John 11: Jenga

Sometimes I think that my faith is like a game of Jenga. A piece disappears, and I wonder, “Is that one going to make it all come crashing down?”

We spend a lot of time covering for God. I don’t think He needs it, and I think we do more harm than good in trying to make excuses on God’s behalf.

John 11 is another one of those chapters that makes me roll my eyes at the author, because it’s kind of a mess, from a literary perspective. This is the story of Jesus raising Lazarus from the dead, which is a pretty famous one and a really big deal for John. While the other gospels pin Jesus trashing the temple’s shopping mall as the last straw that focuses the religious leaders on killing Jesus, in John’s gospel, it’s the fact that Jesus raises Lazarus from the dead that makes the leaders start actively plotting Jesus’ death. But, as a story, it’s a bit of a train wreck.

In Luke 10, Mary and Martha live near Samaria and Galilee, but John has them living in Bethany, a stone’s throw from Jerusalem. And nobody else has Lazarus in their gospel; if he was a brother to these two, you’d think Luke would have mentioned it. In John 11:2, John goes out of his way to say that this Mary is the one who anointed Jesus’ feet and wipes them with her hair, which is OK except that that’s a story that he hasn’t even told yet. And there’s this thing where Martha goes and tells Jesus that if he had been a little quicker, Lazarus wouldn’t have died, and then they go get Mary and she does the exact same thing, and it just seems awkward. Plus, he raises Lazarus from the dead, and then the scene cuts away and we never hear from Lazarus again. I mean, if you raise a guy from the dead, isn’t he at least going to write a book or do the talk show circuit or something?

All this is annoyance, though. It’s an author pulling oral history together and trying to knit stories into a coherent whole. I get it.

What I don’t buy about this story is this: Jesus loves Lazarus. He’s told that Lazarus is dying. And he hangs out intentionally for a whole two extra days before he goes to pay a visit, because he says it’ll make more of a splash if he raises Lazarus from the dead than if he just heals him.

He’s right, of course. As I just said, it’s the raising of Lazarus that sparks so much buzz about Jesus that the leaders decide they need to take him out.

But if Martha says “Jesus, if you’d shown up on time, Lazarus wouldn’t have died,” and Mary says, “Jesus, if you’d shown up on time, Lazarus wouldn’t have died,” what do you think Lazarus would have said (once he got unwrapped from the tomb)?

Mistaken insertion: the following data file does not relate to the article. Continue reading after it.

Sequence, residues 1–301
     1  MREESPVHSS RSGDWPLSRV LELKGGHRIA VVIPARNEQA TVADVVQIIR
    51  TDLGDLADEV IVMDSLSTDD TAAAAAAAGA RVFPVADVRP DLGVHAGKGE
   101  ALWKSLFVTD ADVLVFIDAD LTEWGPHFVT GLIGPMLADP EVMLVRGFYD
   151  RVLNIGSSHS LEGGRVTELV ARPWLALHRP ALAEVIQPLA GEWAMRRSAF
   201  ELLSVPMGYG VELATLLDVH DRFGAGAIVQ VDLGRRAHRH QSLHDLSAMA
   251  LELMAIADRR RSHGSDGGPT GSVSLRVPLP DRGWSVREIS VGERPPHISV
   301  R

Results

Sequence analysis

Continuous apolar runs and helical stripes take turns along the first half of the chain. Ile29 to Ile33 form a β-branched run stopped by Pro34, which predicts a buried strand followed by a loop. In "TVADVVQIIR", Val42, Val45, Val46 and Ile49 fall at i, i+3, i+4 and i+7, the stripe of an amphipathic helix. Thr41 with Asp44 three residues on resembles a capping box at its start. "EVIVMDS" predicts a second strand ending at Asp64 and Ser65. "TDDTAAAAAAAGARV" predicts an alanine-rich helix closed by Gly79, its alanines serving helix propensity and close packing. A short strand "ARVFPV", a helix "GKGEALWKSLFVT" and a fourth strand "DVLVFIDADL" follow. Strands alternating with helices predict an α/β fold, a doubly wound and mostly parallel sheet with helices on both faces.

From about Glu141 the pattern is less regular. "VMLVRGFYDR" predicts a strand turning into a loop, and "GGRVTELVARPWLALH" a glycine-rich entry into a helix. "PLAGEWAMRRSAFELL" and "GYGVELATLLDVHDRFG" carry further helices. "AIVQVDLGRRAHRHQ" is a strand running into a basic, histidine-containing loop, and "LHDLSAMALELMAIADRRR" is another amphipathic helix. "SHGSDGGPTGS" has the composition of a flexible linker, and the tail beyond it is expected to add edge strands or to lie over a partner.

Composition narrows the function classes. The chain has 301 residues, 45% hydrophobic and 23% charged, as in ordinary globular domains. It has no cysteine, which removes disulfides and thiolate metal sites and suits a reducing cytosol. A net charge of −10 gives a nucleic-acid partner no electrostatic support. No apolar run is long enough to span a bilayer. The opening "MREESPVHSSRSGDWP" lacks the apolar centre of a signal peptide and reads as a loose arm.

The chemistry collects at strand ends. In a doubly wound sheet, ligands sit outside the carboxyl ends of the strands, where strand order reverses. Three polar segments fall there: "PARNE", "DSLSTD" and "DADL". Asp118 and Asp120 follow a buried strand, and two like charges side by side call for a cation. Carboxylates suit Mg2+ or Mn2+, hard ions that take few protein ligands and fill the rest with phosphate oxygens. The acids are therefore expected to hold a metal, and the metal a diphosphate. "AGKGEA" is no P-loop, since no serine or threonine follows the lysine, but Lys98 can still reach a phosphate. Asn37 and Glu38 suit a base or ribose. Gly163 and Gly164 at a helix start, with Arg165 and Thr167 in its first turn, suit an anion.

I think the “Jesus MEANT to wait the extra days” line of reasoning is how we cover for God. Bad stuff happens. Even after you boil out the bad stuff that happens because we have the free will to be awful to each other (or even unintentionally destructive through our free choices), there is still bad stuff that can’t be accounted for. Like Lazarus dying before Jesus gets there.

The little-o orthodox Christian position is to cover for God here. To say that God has a master plan that is so beautiful that the stuff we think of as bad is really just the backside of beauty, like how the underside of a beautiful needlepoint can look like a jumbled mess. (If you like that analogy, it isn’t mine; either Karl Barth or Hans Urs von Balthasar deserve the credit. I forget which one.) 

But tell that to Lazarus (who, spoiler alert, presumably died again).

One of the Jenga blocks that I lost a while ago was the one that said that everything has to be part of a master plan, because God is, above all, in control.

There are a couple of songs I was listening to recently that really moved me – like sobbing-while-driving-on-the-turnpike-moved-me – in their message that God will work everything out. I’m still sorting out why those hit me so hard, but I think the tears came from recognizing that many people believe in that so strongly and that I really do not. 

I know I’ve said this before, but when you look at crucifixes on a regular basis, it’s easier to recognize that things do NOT always work out neatly. That so many Christians can look at the cross and see only the Resurrection, not only on the back wall of a church but in the chaos and crime scenes of life, is overwhelming to me. I just can’t see it. I sit in the pit with those who think that a God who could stop such pain but chooses not to because of a master plan is not the most loving of gods.

What keeps my little tower of blocks together, though, is that the God-with-a-plan isn’t the one I need. I need – and know – the God-who-suffers-with, the one who weeps at Lazarus’ tomb, and at the cross, and at every loss before and since. That God, a God who says that holiness isn’t found in a master plan, but in an unreserved choice of love-with-pain over the only alternative, which is nothingness? That’s the God I know. 

Actually, I am oddly comforted by the notion of a God who doesn’t have it all figured out, but only knows that He’s along with us for the whole ride. The tower built of the blocks it takes to believe in that God is really spare, and looks so frail. But it can stand up to life’s hurricanes, I can tell you.

(I was going to use “I can name that tune in X notes” as my analogy, but, honestly, that game show was more my parents’ era than mine, so I wasn’t sure people here knew it.)

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